As the gesture is not the same, you don’t test the same neurological part in your brain. That is why you will use the same-sized balloons for all patients.
Now we want to reproduce this experiment on a phone and have the same balloon size on all phones. The problem that software engineers have is that displaying balloons with the same size on all devices is not so easy.
One of the most important differences between phones is the screen resolution and this can be a very tricky topic when it comes to medical softwares.
Here is below two different screen resolutions for the same size of phones.
And here is the main screen data on the main phones companies. You will see that all resolutions are different.
From a technological point of view, the developers have to take into account the screen resolution as a main parameter of their work.
Let’s imagine a SaMD built with react-native where we would want to draw a Circle on a phone and let the patient pinch the circle to see if he can do the gesture.
The app has one constraint: The circle has to be 25mm diameter, on all phones.
Believe it or not, react-native does not offer the possibility to do it because dimensions properties in react native are unitless, as explained in their documentation here:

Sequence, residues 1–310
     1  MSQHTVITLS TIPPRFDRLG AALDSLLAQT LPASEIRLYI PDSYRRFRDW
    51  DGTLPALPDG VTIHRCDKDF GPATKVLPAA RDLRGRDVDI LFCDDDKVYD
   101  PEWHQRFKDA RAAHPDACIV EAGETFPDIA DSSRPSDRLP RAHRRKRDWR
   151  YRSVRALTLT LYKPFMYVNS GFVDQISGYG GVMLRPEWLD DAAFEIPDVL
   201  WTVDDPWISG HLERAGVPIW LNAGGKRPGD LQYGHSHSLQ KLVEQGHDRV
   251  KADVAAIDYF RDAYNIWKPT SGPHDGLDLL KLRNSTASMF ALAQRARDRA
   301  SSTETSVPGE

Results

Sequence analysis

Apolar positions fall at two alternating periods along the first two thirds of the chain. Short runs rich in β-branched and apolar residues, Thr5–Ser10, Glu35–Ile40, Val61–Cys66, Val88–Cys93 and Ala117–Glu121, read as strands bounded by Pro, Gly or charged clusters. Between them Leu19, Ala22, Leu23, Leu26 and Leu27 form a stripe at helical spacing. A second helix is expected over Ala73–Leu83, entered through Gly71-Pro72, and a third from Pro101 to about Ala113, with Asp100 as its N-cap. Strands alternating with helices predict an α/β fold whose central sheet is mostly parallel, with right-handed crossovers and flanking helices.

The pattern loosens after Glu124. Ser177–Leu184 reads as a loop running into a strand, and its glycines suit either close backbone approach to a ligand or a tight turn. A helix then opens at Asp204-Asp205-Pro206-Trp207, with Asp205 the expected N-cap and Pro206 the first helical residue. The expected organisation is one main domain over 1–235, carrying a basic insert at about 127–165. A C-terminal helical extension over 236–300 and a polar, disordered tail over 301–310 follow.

There is no universal mapping from points to physical units of measurement. This means that a component with fixed dimensions might not have the same physical size, across different devices and screen sizes. However, this difference is unnoticeable for most use case.
🐞🐞🐞🐞🐞 This code cannot be done in react-native 🐞🐞🐞🐞🐞
For clinical studies, unnoticeable is not acceptable.
You may try to use the metrics provided by react-native, but you will always face a dimension error as all companies phones are classified by metrics that are approximated (to be able to group them and compare them).